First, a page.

February 22, 2013

Oban Distiller's Edition - A Sweet Spot Between The Highlands and The Islands

Getting it Right
Diageo's Classic Malts of Scotland each produce an annual special release Distiller's Edition.  These limited bottlings undergo a different aging process in refill desert wine casks.  Diageo classifies the malts into: "Full-Bodied and Smoky"   "Fruity and Spicy"  and  "Light and Floral".

We think it's safe to ignore "Light and Floral".  If you're a light and floral kind of whisky drinker, you may want to stop reading right now.

Our first three samples went right down the line of "Full-Bodied and Smoky".  Lagavulin Distiller's Edition, aged in Ximenez Sherry casks, was one of our favorite whiskies of all time.  Our expectations were set so high, that we were shocked by how mind-blowing the Moscatel Port wine cask Caol Ila Distiller's Edition turned out to be.  Cruising full speed ahead we dove into the Amoroso Sherry-aged Talisker Distiller's Edition, which turned out to be one of the most drinkable whiskies ever (almost dangerously so).  Corporate megalith status aside, Diageo knocked our socks off with this line of whiskies.  Particularly given the price point of these bottles (between $57.99 and $97.99) we've rarely seen higher quality for the money.

Out of our Comfort Zone
So impressed were we with these special holiday bottles that we decided to leave our beastly comfort zone and try something from the "Fruity and Spicy" category.  The Oban Distiller's Edition is one year older than the typical 14-year aging.  The final two years in the barrel introduce a Montilla Fino cask.  Similar to sherries like Moscatel and Pedro Ximenez, Fino is a Spanish desert wine.  However Fino differs because it is not fortified, in other words it's not mixed with brandy.  So the distillers decided to age their fruity malt in a pure wine cask never touched by another spirit.  Interesting choice.  We're going to give Fruity and Spicy the benefit of the doubt and put our beastly predispositions aside.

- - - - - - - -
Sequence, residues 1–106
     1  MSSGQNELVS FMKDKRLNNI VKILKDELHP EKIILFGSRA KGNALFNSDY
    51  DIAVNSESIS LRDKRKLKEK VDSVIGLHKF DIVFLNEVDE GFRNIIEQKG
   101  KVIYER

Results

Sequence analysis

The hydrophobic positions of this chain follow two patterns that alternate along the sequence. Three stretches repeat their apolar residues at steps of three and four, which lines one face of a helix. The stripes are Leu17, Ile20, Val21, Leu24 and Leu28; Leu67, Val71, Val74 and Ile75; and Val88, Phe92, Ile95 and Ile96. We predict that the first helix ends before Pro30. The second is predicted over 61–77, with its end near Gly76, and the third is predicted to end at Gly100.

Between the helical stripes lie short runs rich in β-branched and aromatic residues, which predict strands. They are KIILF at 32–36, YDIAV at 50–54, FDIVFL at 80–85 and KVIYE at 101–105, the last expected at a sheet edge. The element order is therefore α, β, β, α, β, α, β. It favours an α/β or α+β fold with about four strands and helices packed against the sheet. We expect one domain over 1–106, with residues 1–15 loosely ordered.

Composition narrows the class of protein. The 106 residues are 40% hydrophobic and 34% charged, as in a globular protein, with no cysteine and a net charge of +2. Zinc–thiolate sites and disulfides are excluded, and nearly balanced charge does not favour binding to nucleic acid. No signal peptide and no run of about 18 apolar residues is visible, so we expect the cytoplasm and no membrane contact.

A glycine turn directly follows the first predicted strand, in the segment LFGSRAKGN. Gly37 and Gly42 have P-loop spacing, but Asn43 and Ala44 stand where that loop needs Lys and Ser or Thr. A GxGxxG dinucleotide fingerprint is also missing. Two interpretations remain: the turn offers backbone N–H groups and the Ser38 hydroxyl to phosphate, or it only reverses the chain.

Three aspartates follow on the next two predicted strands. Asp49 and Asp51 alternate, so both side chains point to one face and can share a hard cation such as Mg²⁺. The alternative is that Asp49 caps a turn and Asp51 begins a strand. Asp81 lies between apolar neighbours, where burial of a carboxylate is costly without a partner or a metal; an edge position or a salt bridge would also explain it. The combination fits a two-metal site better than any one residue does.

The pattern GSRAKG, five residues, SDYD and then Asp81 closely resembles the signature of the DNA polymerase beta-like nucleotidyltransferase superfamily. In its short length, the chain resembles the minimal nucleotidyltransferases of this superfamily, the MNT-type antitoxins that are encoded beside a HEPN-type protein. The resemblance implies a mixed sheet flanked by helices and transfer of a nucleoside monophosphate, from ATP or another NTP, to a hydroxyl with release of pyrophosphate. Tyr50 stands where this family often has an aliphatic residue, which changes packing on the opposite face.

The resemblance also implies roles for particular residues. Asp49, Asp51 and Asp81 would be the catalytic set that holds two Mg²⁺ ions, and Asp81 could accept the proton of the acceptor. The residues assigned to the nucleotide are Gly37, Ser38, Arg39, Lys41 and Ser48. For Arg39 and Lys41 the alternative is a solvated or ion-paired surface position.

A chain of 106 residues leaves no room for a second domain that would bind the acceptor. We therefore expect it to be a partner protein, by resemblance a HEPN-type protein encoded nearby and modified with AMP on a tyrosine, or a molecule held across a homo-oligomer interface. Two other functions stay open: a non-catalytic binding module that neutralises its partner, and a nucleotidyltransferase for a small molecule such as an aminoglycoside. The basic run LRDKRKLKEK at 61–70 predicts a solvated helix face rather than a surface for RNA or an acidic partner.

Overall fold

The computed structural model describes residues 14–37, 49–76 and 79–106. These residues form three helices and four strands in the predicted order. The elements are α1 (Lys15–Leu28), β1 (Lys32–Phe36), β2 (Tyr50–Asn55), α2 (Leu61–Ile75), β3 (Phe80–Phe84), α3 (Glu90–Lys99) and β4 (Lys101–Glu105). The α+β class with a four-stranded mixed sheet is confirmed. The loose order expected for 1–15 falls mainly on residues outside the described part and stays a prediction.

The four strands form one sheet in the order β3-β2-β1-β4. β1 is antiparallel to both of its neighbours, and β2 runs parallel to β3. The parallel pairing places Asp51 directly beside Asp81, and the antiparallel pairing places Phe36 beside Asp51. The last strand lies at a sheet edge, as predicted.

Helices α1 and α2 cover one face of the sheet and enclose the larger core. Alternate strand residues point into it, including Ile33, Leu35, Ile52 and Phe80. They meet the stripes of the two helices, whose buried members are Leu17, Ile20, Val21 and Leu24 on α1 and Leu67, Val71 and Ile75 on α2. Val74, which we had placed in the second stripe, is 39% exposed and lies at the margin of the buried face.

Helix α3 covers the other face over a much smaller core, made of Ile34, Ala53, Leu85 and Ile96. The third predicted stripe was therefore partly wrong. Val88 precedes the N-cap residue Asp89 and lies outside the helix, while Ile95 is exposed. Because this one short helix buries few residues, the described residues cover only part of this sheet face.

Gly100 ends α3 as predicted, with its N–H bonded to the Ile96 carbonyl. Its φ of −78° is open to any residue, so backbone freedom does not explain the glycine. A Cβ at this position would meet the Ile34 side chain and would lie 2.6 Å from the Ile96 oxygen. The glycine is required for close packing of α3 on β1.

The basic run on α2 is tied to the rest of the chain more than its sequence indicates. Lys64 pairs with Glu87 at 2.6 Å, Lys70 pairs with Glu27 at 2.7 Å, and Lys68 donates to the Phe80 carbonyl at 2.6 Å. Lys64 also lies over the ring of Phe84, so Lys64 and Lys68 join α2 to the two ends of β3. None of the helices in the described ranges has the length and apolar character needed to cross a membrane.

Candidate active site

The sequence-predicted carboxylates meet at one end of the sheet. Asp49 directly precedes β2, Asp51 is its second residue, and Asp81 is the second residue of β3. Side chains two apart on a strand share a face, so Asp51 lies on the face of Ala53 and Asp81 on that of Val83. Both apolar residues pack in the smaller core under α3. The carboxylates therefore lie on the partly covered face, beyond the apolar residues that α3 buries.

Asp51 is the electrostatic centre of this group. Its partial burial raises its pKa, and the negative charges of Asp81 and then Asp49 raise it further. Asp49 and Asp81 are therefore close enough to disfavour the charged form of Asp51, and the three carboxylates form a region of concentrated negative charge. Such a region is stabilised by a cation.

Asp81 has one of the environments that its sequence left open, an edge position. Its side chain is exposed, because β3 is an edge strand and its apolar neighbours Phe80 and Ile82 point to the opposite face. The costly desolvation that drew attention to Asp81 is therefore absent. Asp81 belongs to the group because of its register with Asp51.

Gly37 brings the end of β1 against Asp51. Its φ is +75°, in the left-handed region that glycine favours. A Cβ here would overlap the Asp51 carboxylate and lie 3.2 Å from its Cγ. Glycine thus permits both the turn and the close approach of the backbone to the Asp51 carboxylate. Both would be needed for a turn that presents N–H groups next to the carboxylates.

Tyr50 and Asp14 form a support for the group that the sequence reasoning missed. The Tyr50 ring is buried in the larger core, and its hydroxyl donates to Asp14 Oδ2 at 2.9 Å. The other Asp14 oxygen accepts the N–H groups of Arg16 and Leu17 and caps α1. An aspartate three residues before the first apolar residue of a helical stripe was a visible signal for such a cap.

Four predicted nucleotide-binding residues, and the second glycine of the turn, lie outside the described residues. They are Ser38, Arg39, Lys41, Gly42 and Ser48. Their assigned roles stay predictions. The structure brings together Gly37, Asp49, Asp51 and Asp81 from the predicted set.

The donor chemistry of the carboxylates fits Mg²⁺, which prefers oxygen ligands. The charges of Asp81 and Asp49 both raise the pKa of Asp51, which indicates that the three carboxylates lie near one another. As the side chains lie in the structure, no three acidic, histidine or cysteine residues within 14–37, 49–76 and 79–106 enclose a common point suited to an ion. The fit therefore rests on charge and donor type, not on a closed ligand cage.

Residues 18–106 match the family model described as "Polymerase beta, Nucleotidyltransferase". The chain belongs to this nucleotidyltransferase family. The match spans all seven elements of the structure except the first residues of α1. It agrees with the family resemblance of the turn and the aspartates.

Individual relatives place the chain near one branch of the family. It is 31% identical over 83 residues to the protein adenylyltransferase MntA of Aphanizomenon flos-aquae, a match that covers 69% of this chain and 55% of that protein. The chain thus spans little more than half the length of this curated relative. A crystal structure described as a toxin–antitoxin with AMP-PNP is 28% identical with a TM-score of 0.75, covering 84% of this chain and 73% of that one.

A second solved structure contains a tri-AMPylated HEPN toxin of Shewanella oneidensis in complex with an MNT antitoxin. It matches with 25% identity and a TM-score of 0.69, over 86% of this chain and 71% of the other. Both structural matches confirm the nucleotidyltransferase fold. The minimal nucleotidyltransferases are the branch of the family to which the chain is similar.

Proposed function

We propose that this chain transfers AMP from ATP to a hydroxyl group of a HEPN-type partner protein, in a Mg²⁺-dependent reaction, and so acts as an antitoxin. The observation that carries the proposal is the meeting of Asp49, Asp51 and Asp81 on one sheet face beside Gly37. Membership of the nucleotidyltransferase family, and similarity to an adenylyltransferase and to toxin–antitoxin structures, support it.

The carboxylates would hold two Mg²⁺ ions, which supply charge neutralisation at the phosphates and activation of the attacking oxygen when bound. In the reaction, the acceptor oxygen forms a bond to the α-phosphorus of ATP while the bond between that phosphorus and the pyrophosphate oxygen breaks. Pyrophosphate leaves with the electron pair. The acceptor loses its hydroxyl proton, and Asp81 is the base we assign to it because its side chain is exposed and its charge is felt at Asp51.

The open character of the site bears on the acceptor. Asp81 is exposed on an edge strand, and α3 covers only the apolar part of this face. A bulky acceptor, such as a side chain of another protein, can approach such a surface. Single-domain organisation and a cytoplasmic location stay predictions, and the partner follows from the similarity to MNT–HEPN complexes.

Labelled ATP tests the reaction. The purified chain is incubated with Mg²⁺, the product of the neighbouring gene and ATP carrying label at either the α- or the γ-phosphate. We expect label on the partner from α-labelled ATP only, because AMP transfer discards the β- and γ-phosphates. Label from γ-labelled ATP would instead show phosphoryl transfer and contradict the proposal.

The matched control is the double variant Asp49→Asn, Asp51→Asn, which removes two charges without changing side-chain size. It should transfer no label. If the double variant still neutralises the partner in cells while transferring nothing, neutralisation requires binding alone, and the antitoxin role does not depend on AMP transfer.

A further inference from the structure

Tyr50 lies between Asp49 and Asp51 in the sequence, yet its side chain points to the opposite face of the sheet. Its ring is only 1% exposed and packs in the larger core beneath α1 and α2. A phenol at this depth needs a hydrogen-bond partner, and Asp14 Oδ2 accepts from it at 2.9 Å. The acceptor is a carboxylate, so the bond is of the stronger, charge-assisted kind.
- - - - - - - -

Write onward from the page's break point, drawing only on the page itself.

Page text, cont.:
Oban and the West Highland Lochs
Founded in 1794, Oban Distilleries only maintains two pot stills and is one of the smallest producers in Scotland.  Nestled in the West Highlands, Oban has been described as "where the highlands and the islands meet."  According to their slightly hilarious Malt Whisky Flavour Map, Oban sits right in the center of the whisky profile while Oban Distiller's veers off to the right in the "rich" and "smoky" direction.  The town of Oban would be a good place to create such a whisky, sitting in a picturesque harbor separating the harsh sea islands from the safety of the Highlands.    

Wifey's Tasting Notes

Appearance:  An attractive medium dark copper.  Intriguing.

Nose:  Chamomile tea and orange.  Definitely very appealing, and would be even appealing to the non-whiskey drinker who makes a face every time they sniff a drink.

Body: Somewhat darker in color, but still not terrible dark.  Still has a nice rich caramel flavor. 

Finish:  Has the spiciness of cinnamon, clove and ginger.

Hubby's Tasting Notes

Nose:  A good balance of smoke and spice (yes there's definitely some smoke going on here!).  Rosemary, black pepper, cinnamon sticks and cloves.  Then the fruit comes through with raisins, cherries, and a hint of mellon.

Body:  Clear and crisp on the tongue, not oily or thick, it starts as a nice warm spiced apple cider.  Very smooth, the lightness continues adding warmth without burn.  It's not quite as dry and chesty as our smoky friend from Islay, but this is a beast nonetheless.  There's enough smoke to cut through the alcohol and deliver a complex flavor that's both unique and extremely drinkable.

Finish:  The finish is probably the most interesting aspect of this malt.  It has a lingering smokiness that is quite enjoyable.  But as the smoke drifts off the palate, the fruit and spice remain.  There are some distinctly floral tastes coming through similar to rose water.  Just as described it's like a special little cove between the peat bogs of the islands and the spice and fruit of the highlands.  The smoke drifts up into your nose and through your sinuses while your mouth dwells on fruits and spices.

The Review
Getting outside your comfort zone is good once in a while.  While we still prefer to stick our heads directly into the peat fire and chew the ashes of fresh barley, we'll admit that Fruity and Spicy is a nice change of pace.  The Oban is a great whisky for in-between days, it's impossible to hate, and easy to enjoy.   As a gift for someone who is not a hardcore peat monster, or to fill a decanter at a cocktail party, The Oban Distiller's Edition is worthy of a "B+".  It's more than well worth the money and makes a great addition to your shelf or collection.  We're going to pour another glass just in case we got any of this wrong.  It's important to be thorough.  /smokybeast